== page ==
Asian Markets Surge Thanks to QE2


Thanks to Ben Bernanke's brand new rescue package, shares in Asia rose sharply Thursday. In Japan the Nikkei 225 Index climbed 2.2% to close at 9,359 and in China the Shanghai Composite Index advanced 1.8% to 3,087. Hong Kong's Hang Seng Index rose 1.6% to end the day at 24,536.

Eager investors shoved money eastward into fast-growing companies based in some of the world's most rapidly expanding markets. But while the additional liquidity and higher share prices will generate wealth in the short term, some are already blaming the U.S. for inflating asset prices and boosting currencies, which countries like Japan have been fighting hard to suppress. Criticizing of the quantitative easing package, nicknamed QE2, one Chinese Central Bank adviser accused the U.S. of "'uncontrolled' money printing," according to Bloomberg, and Japan's prime minister charged the government with adopting a "weak dollar policy." But today, money was made on surging stocks.

In Japan Fast Retailing, operator of the trendy and fairly priced Uniqlo shops fast becoming the new Gap, soared 8.1%, celebrating the fact that domestic sales fell only 1.1% last month, the smallest drop the clothier has seen in three months. But the sales didn't come easy, with Heattech thermal tops and bottoms selling quickly, but at heavily discounted prices. Last year, similar items were flying off the shelves at full price. Glitzy department store Takashimaya surged 4.1% and J. Front Retailing jumped 2.7%.

Japanese car makers fared well with Nissan shooting up 3.9%, saying it expects its global sales to continue to surge after seeing its net income quadruple last quarter, according to Bloomberg. Toyota climbed 2.3%, Mazda gained 2%, Honda rose 1.5% and Isuzu advanced 1%.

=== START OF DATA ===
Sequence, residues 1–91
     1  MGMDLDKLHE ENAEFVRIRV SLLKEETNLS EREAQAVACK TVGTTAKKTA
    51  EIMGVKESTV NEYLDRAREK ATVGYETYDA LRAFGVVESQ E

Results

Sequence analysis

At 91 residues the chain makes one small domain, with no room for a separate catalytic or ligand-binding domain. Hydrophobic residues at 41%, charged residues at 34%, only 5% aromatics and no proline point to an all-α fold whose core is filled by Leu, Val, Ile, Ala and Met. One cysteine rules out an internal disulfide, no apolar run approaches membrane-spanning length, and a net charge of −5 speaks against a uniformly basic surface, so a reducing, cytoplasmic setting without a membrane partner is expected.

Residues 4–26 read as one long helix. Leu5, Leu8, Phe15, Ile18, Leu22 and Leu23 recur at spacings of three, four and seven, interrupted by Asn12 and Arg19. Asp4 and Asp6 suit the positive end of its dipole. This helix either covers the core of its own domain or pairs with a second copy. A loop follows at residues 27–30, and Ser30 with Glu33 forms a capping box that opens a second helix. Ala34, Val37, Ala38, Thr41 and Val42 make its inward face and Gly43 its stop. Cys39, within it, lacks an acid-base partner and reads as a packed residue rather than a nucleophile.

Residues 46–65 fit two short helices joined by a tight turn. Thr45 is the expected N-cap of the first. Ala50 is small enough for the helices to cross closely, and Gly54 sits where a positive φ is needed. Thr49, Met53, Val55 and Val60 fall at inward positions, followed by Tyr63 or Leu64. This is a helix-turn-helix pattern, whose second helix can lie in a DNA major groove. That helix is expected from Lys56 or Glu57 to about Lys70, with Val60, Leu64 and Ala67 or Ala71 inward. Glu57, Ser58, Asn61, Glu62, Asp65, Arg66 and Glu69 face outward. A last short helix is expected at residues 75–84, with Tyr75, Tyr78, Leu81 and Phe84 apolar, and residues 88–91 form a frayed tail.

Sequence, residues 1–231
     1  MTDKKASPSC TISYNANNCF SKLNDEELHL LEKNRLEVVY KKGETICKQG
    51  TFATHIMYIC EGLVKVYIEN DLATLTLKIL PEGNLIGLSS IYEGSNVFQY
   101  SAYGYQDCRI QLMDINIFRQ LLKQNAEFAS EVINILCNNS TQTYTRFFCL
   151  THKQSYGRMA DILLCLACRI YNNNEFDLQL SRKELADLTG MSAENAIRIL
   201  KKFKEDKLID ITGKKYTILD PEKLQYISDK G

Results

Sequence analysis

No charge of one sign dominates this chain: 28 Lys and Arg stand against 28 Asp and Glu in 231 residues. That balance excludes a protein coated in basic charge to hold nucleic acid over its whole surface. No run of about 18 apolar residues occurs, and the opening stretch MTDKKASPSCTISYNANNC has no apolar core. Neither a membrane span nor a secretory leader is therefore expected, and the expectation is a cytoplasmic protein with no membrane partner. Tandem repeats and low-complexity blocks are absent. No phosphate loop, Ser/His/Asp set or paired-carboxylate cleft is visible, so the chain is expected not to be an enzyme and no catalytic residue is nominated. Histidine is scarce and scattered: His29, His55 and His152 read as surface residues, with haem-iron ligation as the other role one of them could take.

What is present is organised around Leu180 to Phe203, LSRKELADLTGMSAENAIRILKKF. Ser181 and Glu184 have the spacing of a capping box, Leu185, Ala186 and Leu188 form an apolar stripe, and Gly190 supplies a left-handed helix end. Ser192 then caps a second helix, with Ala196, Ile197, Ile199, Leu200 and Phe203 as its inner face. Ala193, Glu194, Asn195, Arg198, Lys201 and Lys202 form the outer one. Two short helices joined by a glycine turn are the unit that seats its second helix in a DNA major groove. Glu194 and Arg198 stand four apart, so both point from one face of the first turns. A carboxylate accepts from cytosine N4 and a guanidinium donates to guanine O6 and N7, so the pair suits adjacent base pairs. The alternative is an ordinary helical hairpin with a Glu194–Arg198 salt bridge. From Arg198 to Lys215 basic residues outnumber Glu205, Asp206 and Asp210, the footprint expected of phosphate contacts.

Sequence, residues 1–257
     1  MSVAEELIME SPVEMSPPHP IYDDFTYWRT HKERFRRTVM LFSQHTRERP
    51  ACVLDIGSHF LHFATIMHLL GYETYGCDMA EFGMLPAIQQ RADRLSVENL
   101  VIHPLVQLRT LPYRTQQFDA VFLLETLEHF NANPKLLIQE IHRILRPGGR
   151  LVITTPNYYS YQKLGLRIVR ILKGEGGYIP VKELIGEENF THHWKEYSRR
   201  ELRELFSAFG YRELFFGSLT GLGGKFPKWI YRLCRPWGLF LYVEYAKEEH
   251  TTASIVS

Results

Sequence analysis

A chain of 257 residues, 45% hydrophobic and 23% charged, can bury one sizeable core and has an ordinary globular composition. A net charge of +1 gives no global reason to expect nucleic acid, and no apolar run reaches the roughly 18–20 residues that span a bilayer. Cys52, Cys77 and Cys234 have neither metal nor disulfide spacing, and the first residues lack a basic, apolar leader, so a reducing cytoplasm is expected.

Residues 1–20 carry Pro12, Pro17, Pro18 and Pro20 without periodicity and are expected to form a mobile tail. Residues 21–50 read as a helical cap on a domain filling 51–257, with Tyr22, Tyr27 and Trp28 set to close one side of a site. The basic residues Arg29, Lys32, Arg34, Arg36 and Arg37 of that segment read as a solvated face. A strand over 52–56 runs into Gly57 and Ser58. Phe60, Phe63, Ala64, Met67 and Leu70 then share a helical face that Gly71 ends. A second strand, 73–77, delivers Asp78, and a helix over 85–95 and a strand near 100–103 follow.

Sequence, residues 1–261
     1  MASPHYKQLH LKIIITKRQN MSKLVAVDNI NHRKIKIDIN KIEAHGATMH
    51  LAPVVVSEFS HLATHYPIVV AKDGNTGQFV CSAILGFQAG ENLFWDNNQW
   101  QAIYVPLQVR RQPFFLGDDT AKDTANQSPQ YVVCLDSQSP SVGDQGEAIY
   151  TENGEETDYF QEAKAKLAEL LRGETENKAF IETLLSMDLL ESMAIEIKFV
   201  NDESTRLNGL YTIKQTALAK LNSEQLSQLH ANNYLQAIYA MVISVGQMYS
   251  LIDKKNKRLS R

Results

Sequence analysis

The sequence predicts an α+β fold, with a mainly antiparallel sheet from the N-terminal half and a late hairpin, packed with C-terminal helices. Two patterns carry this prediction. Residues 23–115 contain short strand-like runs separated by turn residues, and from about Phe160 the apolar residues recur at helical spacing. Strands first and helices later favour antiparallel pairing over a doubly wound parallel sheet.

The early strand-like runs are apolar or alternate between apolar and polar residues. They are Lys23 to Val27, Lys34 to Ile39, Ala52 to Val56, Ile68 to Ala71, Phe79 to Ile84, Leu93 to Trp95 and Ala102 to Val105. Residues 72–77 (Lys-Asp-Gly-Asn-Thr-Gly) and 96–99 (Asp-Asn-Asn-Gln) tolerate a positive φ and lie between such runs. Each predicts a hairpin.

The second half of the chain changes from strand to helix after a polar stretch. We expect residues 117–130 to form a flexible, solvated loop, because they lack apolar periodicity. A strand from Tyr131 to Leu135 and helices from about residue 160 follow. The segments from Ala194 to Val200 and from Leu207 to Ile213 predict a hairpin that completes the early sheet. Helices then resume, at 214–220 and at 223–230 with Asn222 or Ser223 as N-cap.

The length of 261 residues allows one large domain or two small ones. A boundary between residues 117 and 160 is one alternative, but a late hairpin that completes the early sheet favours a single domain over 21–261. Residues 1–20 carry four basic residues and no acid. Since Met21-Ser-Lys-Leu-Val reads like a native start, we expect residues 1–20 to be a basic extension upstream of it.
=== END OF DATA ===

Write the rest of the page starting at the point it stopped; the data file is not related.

Other winners in Japan today included Minebea, a maker of ball bearings, which climbed 5.6%, Tokyo Electron, which gained 3.1% and commodities trader Mitsubishi Corp., which advanced 3.1%.

China Investors Look to Metals

In China, shares in commodities rebounded as investors flocked to metals as a hedge against inflation. Zhongjin Gold spiked 2.1%, Aluminum Corp. of China, or Chalco, gained 1.4, Zijin Mining rose 1.3% and Yunnan Copper advanced 1.2%.

Among coal miners, Yanzhou Coal rocketed up 4.6%, China Shenhua Energy leaped1.8% and China Coal Energy saw a 0.9% rise. Steel producers also gained with Maanshan Iron & Steel climbing 1%, Baoshan Iron & Steel adding 0.5% and Wuhan Iron & Steel creeping up 0.4%.

Shanghai Friendship Group hit the 10% daily limit. The company runs department stores, supermarkets and food businesses and also deals in real estate. The firm has ironed out a $2.4 billion deal to acquire Shanghai Bailian, another department store and property company. Shanghai Bailian zoomed up 9.1%.

Hong Kong Property Doesn't Lose Its Shine

Hong Kong property developers made huge gains with Sino Land soaring 6.1%, New World Development catapulting up 4.7%, Cheung Kong climbing 3%, Henderson Land advancing 2.2% and Hang Lung gaining 2%. Swire Pacific, proud operator of a multitude of businesses ranging from malls to airlines, shot up 4.2% and Wharf Holdings, which gets its name from its long history of running businesses on Victoria Harbour, including the Star Ferry, and now the sprawling Ocean Terminal mall, surged 3.8%. Hong Kong property has not lost its shine, and some of the additional cash in the hands of investors is sure to find its way towards some of the world's most expensive homes.